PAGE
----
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Like the Voyager spacecraft that came before, Cassini chronicles "wispy" terrain on Saturn's moon Dione.
See PIA10560 to learn more about these bright fractures on the moon's trailing hemisphere. This view looks toward the area between the Saturn-facing side and trailing hemisphere of Dione (1123 kilometers, 698 miles across). North is up.
The image was taken in visible light with the Cassini spacecraft narrow-angle camera on Dec. 26, 2009. The view was acquired at a distance of approximately 1 million kilometers (621,000 miles) from Dione and at a Sun-Dione-spacecraft, or phase, angle of 42 degrees. Image scale is 6 kilometers (4 miles) per pixel.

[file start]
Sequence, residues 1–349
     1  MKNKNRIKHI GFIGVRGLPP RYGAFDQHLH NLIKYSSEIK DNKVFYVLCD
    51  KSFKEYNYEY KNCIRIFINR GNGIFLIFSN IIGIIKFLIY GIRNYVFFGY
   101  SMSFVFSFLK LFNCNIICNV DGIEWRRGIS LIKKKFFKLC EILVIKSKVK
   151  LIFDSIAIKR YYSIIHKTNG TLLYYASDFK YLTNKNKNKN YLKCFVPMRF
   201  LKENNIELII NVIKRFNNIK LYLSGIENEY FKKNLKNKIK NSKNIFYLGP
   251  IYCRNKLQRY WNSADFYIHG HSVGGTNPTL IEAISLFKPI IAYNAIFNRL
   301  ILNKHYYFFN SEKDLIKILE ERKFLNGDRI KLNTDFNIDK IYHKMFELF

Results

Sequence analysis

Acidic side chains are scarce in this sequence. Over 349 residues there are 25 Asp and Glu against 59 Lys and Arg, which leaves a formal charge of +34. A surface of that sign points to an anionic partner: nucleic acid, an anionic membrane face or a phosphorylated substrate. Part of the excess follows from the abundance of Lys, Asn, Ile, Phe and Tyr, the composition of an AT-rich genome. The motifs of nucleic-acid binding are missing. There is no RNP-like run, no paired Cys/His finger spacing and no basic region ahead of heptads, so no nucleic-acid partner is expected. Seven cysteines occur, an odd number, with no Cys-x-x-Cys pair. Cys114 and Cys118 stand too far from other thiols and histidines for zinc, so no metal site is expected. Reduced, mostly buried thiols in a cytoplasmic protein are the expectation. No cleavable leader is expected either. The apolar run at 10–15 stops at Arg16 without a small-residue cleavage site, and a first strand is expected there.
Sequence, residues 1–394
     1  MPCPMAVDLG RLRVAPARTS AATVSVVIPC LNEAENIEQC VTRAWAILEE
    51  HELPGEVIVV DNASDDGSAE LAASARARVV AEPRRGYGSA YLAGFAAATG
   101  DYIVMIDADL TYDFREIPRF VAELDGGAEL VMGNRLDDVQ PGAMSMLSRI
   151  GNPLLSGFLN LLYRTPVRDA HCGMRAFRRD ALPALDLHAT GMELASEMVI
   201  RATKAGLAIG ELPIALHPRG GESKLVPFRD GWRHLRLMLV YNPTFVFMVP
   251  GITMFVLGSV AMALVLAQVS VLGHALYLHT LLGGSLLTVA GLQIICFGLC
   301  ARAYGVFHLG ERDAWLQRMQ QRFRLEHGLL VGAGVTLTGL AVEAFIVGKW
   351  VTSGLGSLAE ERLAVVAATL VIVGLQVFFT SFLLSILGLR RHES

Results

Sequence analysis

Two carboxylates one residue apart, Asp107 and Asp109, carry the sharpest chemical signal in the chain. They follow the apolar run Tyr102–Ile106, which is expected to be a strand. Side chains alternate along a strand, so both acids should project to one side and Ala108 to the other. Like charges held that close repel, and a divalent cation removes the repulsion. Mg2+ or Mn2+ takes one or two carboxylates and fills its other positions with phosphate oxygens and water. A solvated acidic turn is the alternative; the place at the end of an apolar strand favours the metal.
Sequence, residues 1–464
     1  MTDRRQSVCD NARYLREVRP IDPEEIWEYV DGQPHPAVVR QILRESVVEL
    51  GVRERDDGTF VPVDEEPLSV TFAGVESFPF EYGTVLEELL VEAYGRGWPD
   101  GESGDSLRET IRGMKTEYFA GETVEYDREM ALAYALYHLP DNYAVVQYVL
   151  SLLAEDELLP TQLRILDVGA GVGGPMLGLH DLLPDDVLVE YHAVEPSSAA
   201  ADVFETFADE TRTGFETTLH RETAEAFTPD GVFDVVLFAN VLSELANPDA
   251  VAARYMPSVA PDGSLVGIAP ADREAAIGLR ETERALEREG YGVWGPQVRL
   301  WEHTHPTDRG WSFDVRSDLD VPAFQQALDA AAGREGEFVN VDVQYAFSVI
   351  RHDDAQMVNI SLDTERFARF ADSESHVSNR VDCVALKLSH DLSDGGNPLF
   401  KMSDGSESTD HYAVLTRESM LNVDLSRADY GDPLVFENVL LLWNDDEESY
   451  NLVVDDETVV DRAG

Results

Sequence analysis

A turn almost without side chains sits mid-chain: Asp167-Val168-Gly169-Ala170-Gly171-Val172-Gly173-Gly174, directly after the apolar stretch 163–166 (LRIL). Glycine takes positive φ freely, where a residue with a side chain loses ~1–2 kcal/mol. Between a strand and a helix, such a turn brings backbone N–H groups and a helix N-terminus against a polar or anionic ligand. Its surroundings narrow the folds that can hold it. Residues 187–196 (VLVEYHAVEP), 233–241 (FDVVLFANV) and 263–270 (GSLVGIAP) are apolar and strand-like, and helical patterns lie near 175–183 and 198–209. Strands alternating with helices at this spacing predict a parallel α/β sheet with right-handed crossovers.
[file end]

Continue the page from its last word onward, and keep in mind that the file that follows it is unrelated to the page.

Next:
The Cassini Equinox Mission is a joint United States and European endeavor. The Jet Propulsion Laboratory, a division of the California Institute of Technology in Pasadena, manages the mission for NASA's Science Mission Directorate, Washington, D.C. The Cassini orbiter was designed, developed and assembled at JPL. The imaging team consists of scientists from the US, England, France, and Germany. The imaging operations center and team lead (Dr. C. Porco) are based at the Space Science Institute in Boulder, Colo.